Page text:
5 Successful Products that Began as Arduino Prototypes

5 Successful Products that Began as Arduino Prototypes

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Since its launch in 2005, the well-known open-source electronic prototyping platform Arduino has enabled creators, hobbyists, and business owners to turn their concepts into working prototypes.

Arduino was never intended to be a new product development platform, and it was created originally for educational purposes.

But due to it’s flexibility and popularity it has grown way beyond it’s originally intended purpose, and many new product innovators use it as a prototyping platform.

In fact, there are lots of popular commercial products on the market that started as an Arduino based prototype.

In this article we’ll take a closer look at five successful products that began as an Arduino prototype, and look at some of the various challenges they ran into.

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Cubetto by Primo Toys


Cubetto, by Primo Toys is an educational toy designed to teach kids age 3 and up the fundamentals of coding and computational thinking, without using a screen.

They learn computing skills by interacting with Cubetto, a smiling wooden robot.

The original plan for the product was to provide a fun, tactile method of teaching coding to kids as young as three.

Cubetto’s prototypers started off using an Arduino board. They experimented with various input techniques before settling on a series of coding blocks that could be inserted in a control panel and directed the movement of the robot.

Converting the Arduino-based prototype into a reasonably priced, mass-producible, and child-safe device was one of the toughest obstacles.

The design had to be improved, the right materials had to be found, and special printed circuit boards (PCBs) had to be created to take the place of the Arduino in the finished product. Electronic products marketed for kids also have to obtain additional safety certifications.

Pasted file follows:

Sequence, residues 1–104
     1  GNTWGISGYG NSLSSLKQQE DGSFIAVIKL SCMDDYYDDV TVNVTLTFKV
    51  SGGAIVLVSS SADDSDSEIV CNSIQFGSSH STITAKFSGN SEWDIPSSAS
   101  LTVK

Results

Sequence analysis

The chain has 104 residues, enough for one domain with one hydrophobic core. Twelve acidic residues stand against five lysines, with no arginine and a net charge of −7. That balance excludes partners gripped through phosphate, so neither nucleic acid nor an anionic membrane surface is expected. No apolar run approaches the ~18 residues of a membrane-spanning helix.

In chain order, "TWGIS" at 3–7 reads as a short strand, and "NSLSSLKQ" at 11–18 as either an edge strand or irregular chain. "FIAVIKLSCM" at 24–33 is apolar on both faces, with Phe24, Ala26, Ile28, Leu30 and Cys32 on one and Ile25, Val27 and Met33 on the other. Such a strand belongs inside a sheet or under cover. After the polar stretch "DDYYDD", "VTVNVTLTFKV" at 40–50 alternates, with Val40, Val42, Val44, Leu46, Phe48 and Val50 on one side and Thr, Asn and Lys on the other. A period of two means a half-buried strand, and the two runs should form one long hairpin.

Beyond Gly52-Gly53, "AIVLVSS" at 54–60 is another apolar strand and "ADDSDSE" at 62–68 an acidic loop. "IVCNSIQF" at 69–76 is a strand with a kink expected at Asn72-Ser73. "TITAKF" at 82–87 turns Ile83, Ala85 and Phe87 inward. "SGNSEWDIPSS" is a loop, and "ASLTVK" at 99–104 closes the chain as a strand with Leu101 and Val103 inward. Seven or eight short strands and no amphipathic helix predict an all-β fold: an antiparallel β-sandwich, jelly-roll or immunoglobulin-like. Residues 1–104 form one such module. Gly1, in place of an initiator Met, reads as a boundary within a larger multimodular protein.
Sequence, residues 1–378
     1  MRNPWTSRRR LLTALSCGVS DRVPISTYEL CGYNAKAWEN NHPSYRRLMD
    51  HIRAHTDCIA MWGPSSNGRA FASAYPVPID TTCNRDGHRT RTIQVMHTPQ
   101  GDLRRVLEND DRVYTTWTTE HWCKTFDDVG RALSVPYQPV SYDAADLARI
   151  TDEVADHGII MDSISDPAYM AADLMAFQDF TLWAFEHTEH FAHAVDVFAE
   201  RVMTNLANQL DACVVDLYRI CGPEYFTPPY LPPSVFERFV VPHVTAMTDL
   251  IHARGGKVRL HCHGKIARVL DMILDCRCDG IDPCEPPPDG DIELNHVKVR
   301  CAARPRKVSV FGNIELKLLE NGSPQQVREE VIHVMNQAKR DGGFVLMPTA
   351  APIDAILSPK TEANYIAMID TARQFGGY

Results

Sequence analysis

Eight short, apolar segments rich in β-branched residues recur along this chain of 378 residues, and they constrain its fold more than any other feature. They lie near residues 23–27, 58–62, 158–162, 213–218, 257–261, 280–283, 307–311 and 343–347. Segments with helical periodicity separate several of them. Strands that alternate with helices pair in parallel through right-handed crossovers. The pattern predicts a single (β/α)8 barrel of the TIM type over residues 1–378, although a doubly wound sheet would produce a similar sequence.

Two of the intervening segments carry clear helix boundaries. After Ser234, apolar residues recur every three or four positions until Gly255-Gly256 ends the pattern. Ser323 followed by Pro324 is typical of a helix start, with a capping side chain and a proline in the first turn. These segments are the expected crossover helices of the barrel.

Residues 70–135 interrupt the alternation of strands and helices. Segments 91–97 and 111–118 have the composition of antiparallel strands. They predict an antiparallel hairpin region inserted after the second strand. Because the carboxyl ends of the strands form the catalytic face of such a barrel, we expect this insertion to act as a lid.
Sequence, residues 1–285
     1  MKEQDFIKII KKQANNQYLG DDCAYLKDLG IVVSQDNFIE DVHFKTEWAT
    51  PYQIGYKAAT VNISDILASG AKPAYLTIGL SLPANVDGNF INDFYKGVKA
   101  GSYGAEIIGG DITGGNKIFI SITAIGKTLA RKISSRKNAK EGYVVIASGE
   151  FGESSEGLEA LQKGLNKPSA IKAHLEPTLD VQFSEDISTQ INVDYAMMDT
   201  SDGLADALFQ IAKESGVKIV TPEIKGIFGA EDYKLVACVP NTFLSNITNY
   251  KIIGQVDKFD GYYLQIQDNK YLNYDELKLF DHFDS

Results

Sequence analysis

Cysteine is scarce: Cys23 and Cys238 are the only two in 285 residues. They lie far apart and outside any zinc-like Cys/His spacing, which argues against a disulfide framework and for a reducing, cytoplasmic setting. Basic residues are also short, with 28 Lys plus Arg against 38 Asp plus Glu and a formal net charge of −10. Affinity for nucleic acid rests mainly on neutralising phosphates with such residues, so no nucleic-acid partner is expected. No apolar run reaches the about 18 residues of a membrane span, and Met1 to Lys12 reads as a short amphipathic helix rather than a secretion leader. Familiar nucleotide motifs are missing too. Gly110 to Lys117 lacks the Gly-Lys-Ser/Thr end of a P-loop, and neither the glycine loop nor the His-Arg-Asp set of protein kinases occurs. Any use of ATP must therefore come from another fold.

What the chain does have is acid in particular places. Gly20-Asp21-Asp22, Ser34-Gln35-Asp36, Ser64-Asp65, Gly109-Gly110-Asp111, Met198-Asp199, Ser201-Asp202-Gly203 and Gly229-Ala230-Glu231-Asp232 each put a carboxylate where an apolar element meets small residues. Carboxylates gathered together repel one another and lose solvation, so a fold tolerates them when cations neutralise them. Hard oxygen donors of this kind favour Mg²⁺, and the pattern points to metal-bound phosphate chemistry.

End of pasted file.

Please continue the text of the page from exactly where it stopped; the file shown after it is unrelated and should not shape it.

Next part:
With more than $1.6 million raised on Kickstarter, Cubetto was a spectacular success. Today, it’s sold in more than 100 countries to give children an engaging, hands-on introduction to coding.



Everyone can now access small-scale, sustainable agriculture thanks to FarmBot, an automated farming system. The system can water, monitor, and plant plants, all under the direction of an easy-to-use interface.

Its robotic-like arm can also identify and pluck out weeds, effectively eliminating the need for herbicides.

During the prototyping stage, the team created a sturdy and dependable system that could survive outdoor conditions, while being controlled using an Arduino platform.

FarmBot ran a successful crowdfunding campaign, garnering more than $800,000. This enabled them to scale production by improving the product’s design, and customizing the electronics.


The FarmBot sold today uses a customized Arduino based PCB called the Farmduino board which has connectors and a board layout specifically for FarmBot’s many tools and functions.

It features an Arduino Mega 2560 microcontroller that receives commands from a Raspberry Pi and controls various stepper motors, sensors and peripherals.

Get your FREE Ultimate Guide - How to Develop and Prototype a New Electronic Hardware Product in 2023

To make FarmBot’s motions quiet, it uses integrated Trinamic TMC2130 stepper drivers. It has a STM32 coprocessor that monitors the rotary encoders, and enables rapid processing of encoder signals.

Customers of FarmBot include everyone from home gardeners to educational institutions, and its open-source nature allows the technology to be adopted by anyone, anywhere.

Smart Citizen Kit

With the help of the multi-sensor Smart Citizen Kit, anyone can monitor and share information about their surroundings, adding to a world wide network of open-source environmental data.

The Smart Citizen Kit was created with the intention of enabling people to actively contribute to the sustainability of their surroundings.

It’s a user-friendly tool kit for monitoring the environment, and can be used in schools and for citizen science projects, as well as being appropriate for advanced research projects.